Streaming music service Pandora to shift workers to Atlanta

Music streaming service Pandora said this week it plans to move an unspecified number of workers to Atlanta as part of a broader restructuring of its business.

The Oakland, Calif.-based company said in a Securities and Exchange Commission filing it will cut 5 percent of its workforce as part the restructuring plan, which it expects will result in about $45 million in annual cost savings. The changes, in addition to cutting costs, will focus on advertising technology and audience development.

VIDEO: More on music streaming services

Pandora competes in the crowded streaming music business against rivals such as Spotify, Apple Music and Amazon. The company said in November it had 5.2 million total subscribers, of which 1 million were paid users of its premium service.

The popularity of streaming services has boomed in recent years. A federal copyright board recently raised royalties for streamed songs to songwriters and music publishers, the Associated Press reported, which could increase costs for the streaming companies.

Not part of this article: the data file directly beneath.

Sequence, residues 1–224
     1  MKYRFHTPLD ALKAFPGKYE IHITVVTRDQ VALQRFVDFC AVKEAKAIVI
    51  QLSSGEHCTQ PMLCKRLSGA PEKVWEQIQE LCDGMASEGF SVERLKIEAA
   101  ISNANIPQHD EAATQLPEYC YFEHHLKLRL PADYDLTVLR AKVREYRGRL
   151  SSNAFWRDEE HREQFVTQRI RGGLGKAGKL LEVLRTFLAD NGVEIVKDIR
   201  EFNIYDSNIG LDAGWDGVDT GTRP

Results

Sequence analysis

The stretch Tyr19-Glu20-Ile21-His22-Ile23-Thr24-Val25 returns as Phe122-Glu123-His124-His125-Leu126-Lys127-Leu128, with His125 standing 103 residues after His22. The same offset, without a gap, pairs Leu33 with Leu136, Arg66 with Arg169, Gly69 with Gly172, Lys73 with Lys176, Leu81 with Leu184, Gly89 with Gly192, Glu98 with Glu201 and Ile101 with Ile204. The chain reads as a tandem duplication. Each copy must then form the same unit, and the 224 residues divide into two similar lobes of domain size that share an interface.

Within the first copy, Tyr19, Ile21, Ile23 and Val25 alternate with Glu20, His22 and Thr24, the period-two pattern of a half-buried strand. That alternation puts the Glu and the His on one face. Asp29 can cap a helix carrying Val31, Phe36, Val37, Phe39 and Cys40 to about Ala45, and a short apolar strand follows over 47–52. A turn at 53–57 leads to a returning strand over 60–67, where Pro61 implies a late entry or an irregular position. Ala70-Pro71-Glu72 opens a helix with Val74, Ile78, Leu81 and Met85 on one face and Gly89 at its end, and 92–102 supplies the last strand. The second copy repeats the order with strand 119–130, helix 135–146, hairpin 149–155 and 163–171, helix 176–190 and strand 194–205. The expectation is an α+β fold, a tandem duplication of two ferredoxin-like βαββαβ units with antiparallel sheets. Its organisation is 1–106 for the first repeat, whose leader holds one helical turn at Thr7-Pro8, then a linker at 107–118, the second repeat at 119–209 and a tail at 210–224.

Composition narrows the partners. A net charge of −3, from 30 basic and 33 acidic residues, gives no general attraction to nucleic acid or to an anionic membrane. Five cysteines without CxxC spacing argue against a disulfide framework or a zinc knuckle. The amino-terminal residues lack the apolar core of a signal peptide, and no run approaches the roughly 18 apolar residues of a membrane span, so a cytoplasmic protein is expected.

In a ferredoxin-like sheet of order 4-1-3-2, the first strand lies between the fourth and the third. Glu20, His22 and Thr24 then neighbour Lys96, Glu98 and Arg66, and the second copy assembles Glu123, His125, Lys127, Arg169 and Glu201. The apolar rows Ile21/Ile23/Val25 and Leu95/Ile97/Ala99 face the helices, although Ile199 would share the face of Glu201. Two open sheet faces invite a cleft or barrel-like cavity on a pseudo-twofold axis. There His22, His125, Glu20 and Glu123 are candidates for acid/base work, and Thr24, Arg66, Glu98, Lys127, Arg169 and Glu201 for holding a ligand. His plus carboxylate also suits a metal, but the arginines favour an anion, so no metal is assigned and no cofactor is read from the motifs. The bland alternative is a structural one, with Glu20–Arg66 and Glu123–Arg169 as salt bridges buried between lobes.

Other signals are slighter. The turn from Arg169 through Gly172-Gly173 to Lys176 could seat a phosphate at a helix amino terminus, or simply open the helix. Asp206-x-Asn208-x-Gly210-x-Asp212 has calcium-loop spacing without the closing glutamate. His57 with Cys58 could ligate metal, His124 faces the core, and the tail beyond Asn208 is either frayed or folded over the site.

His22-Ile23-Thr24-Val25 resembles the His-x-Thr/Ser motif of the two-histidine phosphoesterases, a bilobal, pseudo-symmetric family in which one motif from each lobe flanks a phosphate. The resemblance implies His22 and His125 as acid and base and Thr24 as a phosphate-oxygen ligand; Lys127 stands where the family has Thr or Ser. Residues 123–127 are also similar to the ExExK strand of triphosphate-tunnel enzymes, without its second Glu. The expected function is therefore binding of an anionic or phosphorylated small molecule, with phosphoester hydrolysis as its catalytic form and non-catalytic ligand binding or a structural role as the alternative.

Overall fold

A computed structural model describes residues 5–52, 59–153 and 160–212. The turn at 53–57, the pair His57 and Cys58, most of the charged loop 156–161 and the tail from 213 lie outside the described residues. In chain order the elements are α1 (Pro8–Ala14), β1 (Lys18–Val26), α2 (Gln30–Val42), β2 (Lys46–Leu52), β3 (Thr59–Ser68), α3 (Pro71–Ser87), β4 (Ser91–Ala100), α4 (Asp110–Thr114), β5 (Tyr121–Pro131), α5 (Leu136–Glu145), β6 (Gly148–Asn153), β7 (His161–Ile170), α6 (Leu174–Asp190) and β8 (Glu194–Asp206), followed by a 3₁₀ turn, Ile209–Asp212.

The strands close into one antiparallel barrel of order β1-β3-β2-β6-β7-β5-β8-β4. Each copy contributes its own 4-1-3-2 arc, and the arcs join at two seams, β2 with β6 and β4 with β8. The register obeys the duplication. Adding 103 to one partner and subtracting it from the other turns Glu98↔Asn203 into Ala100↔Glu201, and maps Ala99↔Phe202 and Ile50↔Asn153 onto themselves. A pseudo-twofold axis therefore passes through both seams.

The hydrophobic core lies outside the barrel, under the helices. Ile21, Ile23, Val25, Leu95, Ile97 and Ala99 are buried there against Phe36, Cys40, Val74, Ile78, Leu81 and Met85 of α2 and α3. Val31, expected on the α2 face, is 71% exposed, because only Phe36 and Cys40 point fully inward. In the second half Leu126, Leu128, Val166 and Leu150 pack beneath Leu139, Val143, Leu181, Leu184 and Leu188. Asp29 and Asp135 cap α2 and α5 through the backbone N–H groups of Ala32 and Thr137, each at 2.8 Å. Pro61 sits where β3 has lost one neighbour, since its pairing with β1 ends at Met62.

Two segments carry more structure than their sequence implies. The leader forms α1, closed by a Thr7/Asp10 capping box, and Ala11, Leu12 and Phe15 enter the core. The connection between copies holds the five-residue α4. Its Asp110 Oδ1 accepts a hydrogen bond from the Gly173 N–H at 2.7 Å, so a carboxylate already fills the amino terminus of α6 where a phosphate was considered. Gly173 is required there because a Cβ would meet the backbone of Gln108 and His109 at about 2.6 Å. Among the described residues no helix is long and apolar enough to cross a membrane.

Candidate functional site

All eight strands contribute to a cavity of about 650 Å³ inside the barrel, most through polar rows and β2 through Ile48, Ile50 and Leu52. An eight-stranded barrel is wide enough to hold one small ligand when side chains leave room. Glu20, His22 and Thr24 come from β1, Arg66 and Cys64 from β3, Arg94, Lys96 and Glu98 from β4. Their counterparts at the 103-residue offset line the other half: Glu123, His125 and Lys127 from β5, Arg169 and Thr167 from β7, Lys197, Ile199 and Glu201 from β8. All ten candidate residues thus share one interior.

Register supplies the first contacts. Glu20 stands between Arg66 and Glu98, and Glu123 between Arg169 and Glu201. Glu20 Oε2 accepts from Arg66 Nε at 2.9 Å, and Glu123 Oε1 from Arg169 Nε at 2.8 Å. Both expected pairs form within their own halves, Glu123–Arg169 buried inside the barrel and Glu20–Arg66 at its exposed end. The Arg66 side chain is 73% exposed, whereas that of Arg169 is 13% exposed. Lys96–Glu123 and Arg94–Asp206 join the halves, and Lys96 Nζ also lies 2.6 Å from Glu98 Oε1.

Pandora reported it had 2,488 employees at the end of 2016 and 5 percent of that figure would amount to about 125 workers.

Representatives of Pandora declined to provide details on the number of workers that might move to the company’s Atlanta office. The company said more information will be available during the company’s next earnings call on Feb. 21.

The company occupies space in a tower on 17th Street in Atlantic Station.

A press release said the Atlanta move would be an expansion of Pandora’s workforce and presence here, and said the move would provide “a significant opportunity to add instrumental talent in a region with lower costs than the company’s headquarters in Oakland.”

“Atlanta is a city with a rich history in music and a large pool of diverse tech talent that we can tap into as we scale,” Pandora CEO Roger Lynch said in the release. “While we are committed to having Oakland remain our headquarters, we’re excited to build on the great foundation of our awesome team there and expand our presence in Atlanta over time.”

Pandora reported a net loss to common shareholders of $506.5 million in the first nine months of 2017 on revenue of $1.07 billion.


AJC Business reporter J. Scott Trubey keeps you updated on the latest news about economic development and commercial real estate in metro Atlanta and beyond. You'll find more on, including these stories:

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